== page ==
Postcard from Zaragoza, Spain: Alma Mater and the Countless Martyrs

Above: Reliquaries in the Alma Mater Museum

After Aragon King Alfonso I (1073-1134), the Battler, conquered the Moors (prior post), construction began immediately on a cathedral atop a former Mosque. The king gifted the archbishop with adjacent land for his headquarters.

When Aragon King Alfonso II (1157-1196) ascended to the throne, he had other plans. The Aljaferia Palace was not grand or comfortable enough for him, so he began major remodeling and additions to this prominent location. Upper floors in the Mudejar and later Renaissance traditions reflect the styles favored by subsequent royals of Aragon and Spain.

Continue reading “Postcard from Zaragoza, Spain: Alma Mater and the Countless Martyrs”

Postcard from Naples, Italy: Snippets shot in final four museums

Detail of “The Devil and the Holy Water,” Salvatore Postiglione, 1887, Gallerie d’Italia – Palazzo Zevallos Stigliano

Inartistically and illogically clumping works from four museums in this one post – 15th-century religious paintings, a Joan Miro retrospective, a house museum, contemporary art. The museums are getting short shrift in treatment because they are the final ones the blog will visit in Naples before moving across the boot of Italy. The grouping does offer a glimpse of how diverse and rich the art offerings found in Naples are.

As is oft the case, our camera lens seems to often focus on the devils lurking in religious art, but what dark thoughts were in the mind of Neapolitan painter Salvatore Postiglione when he conceived of “The Devil and the Holy Water” are unclear to me.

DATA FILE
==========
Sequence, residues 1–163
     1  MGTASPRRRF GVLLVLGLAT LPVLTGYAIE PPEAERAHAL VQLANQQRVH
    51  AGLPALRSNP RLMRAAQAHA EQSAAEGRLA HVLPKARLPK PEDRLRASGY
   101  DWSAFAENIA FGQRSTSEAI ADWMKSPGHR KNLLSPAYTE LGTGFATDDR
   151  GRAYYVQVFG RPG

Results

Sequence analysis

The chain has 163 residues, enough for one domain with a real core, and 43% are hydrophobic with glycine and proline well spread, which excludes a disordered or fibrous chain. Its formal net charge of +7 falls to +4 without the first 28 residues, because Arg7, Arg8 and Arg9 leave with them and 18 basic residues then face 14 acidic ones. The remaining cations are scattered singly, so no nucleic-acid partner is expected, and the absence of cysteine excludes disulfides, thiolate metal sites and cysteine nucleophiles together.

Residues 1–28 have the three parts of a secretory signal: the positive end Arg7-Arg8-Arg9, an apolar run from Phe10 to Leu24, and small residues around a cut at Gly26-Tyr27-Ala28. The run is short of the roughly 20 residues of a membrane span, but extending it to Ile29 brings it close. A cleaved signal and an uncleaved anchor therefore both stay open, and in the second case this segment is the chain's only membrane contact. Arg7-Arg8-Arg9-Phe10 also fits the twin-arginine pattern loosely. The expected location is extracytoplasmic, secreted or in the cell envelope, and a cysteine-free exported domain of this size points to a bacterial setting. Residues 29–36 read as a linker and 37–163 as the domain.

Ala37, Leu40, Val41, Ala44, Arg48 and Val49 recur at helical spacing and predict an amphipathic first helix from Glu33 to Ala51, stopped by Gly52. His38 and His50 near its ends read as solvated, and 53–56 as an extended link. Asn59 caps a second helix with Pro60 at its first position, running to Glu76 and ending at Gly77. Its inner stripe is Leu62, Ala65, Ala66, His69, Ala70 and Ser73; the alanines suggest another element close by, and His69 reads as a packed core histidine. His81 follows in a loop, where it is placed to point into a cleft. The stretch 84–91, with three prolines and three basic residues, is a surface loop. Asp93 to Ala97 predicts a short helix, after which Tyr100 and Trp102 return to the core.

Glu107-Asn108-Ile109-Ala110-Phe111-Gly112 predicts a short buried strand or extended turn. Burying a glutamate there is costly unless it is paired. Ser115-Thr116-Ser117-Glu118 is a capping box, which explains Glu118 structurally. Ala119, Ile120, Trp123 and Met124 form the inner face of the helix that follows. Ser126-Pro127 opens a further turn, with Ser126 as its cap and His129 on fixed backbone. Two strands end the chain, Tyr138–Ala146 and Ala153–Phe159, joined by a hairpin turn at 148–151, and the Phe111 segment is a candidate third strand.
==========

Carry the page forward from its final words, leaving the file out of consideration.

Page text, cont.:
I never had thought of holy water as dangerous before. But, indeed in hindsight, it should have been obvious that the Coronavirus devil was lurking in fonts at the front of Catholic churches everywhere. Catholics always pause to dip their fingers in the communal pool of water and immediately raise them up to touch their face to make a gesture symbolizing the Holy Trinity and baptism.

March brought the draining of the fonts, but how many viral contaminants were shared by the faithful by then? So very, very sad to think of those who might have been harmed by turning to their religious rituals for reassuring comfort….

Postcard from Antequera, Spain: Where women are not depicted as the weaker sex

Romans. Visigoths. Moors. Then Christians. As in Ronda, evidence of the waves of occupiers choosing to fortify a natural citadel in Andalucia remains in Antequera. Real Colegiata de Santa María la Mayor, an early (early 1500s) Renaissance church, dominates the hilltop with its Alacazaba fortress.

A replica of a 1760 float from the Corpus Christi processions parked near the front of the church is what stands out. Tarasca depicts a powerful woman, representing faith, conquering the seven deadly sins, symbolized by a snarling seven-headed dragon.

Then there are the faded murals on the church’s walls. Look closely. The Virgin Mary is not the only role model for young women here. The featured saints are all women. Women at war, leading Christian forces to victory.

And in the church of San Sebastian, there is a statue of a young woman gazing toward heaven. In her right hand, she bears a sword pointing downward to the head of a slain Moor at her feet.

Growing up with these images, are the women of Antequera particularly strident?

We lunched in a small restaurant patronized by locals that balanced things out by presenting the male side of the equation – the walls were covered with photos of matadors.